Sex. It's a conversation topic beloved amongst my comrades on the front line of domestic duty. Or lack of it to be more precise. Once horn-bags, this skulk of foxy ladies now moan about their partner's persistent pestering and wonder, when did we fall out with fornication?
According to the Durex 2001 Global Sexual Wellbeing Survey, married couples have sex 98 times per year. Which means they're doing it almost twice a week. If my local sex survey is anything to go by, those results are seriously flawed. The Durex research also revealed that 10% of people would rather go shopping than have sex. My (unqualified and unverified) study indicates that 98.75% of ladies would rather shop than shag. And certainly nobody is doing it twice a week.
Amongst my lady friends polled, nookie numbers varied. A few have co-ordinated coitus into a scheduled weekly 'sex night' while for others, love making has dwindled to a monthly or even bi-annual event. One couple I know have been out of action for so long they have been officially re-virginised. Unless bonking for baby-making purposes, nearly all of those surveyed require copious quantities of wine and a holiday (preferably somewhere warm and without the kids) to get their juices flowing. So where did we mislay the mojo? And who took the panky out of hanky panky rendering it merely a nose wiping device?
The reasons given for the decline in desire were fairly obvious and universal. Everyone complained that mostly they were just too knackered for nooky. 'By the time I get the kids to bed, I've got about enough energy to knock back a glass of wine and crawl into bed' said F. Many moaned their loss of libido was influenced by their partner's lack of contribution on the domestic front. 'My husband does bugger all around the house' said K. 'Picking his undies up off the floor does not get me in the mood.' Others just don't feel very sexy any more, our bodies broadened and lady bits battered by babies. 'My boobs hang like a pair of deflated footballs and I haven't waxed my bikini line in so long it looks like I've got a mohair rug on my lap' moaned N.*
Sex makes babies. Therefore isn't it ironic (but not in the Alanis Morrissette sense) that kids, the product and embodiment of a couple's love, often become the threat to the very relationship that brought that child into existence, not to mention screw up our sex life. We seem to fall madly and passionately into an all-consuming love affair with our babies and push almost everything else, especially our partners, aside.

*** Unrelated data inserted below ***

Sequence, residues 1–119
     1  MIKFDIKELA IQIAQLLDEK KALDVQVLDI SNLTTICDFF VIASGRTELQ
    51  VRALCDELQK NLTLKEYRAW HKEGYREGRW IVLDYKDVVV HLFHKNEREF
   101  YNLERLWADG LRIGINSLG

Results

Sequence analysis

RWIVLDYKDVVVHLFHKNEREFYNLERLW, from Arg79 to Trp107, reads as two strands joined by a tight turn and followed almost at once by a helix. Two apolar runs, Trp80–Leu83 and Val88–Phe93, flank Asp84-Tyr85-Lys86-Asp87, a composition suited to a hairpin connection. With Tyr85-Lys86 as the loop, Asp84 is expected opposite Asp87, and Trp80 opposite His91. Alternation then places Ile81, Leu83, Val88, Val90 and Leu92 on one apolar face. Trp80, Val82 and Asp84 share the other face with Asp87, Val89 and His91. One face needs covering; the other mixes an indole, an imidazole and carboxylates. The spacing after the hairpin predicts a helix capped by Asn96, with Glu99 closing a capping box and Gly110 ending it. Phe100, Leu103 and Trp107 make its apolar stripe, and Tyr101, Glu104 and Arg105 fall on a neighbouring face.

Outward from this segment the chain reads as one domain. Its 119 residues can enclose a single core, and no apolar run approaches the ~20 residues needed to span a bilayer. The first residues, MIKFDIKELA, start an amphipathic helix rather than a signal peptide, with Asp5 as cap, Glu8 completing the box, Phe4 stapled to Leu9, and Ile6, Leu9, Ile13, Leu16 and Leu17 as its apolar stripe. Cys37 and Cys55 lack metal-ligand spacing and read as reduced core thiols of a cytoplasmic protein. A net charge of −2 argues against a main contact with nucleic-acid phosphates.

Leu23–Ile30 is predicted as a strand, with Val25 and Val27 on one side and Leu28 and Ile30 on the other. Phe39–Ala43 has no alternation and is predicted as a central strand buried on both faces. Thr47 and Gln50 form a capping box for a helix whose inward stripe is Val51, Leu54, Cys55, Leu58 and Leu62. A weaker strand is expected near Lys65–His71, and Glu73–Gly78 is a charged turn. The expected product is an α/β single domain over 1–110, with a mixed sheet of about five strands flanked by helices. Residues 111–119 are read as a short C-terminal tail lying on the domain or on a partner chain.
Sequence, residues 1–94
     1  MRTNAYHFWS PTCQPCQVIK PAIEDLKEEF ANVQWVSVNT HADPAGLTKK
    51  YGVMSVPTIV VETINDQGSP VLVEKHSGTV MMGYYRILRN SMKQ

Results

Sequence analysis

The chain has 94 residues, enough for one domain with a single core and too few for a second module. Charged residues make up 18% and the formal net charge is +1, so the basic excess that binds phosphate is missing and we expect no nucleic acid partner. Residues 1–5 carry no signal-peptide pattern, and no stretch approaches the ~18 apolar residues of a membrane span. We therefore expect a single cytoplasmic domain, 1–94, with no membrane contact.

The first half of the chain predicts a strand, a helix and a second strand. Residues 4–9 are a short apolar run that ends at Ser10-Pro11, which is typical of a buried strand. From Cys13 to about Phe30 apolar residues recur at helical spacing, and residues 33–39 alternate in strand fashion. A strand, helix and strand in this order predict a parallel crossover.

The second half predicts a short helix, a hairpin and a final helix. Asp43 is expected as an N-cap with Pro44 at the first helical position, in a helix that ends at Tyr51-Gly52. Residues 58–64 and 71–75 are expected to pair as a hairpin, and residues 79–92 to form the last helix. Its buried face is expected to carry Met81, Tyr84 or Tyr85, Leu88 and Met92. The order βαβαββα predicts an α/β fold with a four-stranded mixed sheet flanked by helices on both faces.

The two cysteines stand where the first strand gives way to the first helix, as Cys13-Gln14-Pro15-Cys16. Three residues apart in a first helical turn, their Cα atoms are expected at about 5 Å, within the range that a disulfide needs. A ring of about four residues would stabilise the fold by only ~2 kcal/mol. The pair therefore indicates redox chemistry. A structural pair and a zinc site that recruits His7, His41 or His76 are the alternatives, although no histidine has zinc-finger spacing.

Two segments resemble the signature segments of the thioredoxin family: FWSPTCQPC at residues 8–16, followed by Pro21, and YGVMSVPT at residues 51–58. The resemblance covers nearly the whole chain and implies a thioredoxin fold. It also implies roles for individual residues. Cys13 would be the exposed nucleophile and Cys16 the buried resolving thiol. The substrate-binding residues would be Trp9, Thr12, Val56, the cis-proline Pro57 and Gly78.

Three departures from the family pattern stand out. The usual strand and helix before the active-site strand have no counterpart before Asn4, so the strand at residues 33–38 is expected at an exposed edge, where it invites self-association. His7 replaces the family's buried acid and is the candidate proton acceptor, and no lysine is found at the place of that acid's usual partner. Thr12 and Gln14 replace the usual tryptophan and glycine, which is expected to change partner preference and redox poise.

My dad, who is a source of great pearls of marital advice such as 'make sure you look after your husband (nudge nudge, wink, wink)', thoughtfully gifted me a book entitled 'Mating in Captivity'. Author Esther Perel, a psychotherapist who specialises in something called 'erotic intelligence', delves deep into the psychology of long-term couplings and how to put the 'x back into sex'. Interestingly, Perel says that scheduling sex is the way to go and wants to debunk the myth of spontaneity. 'I urge my patients not to be spontaneous about sex,' she writes. 'Committed sex is intentional sex.' My friend S, a vocal advocate of the scheduled sex night, agrees. 'If you don't do it regularly, men will start looking for it elsewhere,' she warns.
And according to some, presumably very sexually satisfied, people called Sheri and Bob Stritof, the old adage of 'just do it' is backed up by scientific evidence that frequent sex provides countless health benefits including:
- Improves posture.
- Boosts self esteem.
- Firms tummy and buttocks.
- Offers pain-relief.
- Reduces risk of heart disease.
- Improves fitness.
- Reduces irritability.
- Reduces depression.
- Improves sense of smell.
- Boosts the immune system.
- Improves bladder control.
- Relieves menstrual cramps.
- Improves sleep.
- Improves digestion.
- Improves memory.
How about Wednesdays Mr D?
*N is me.
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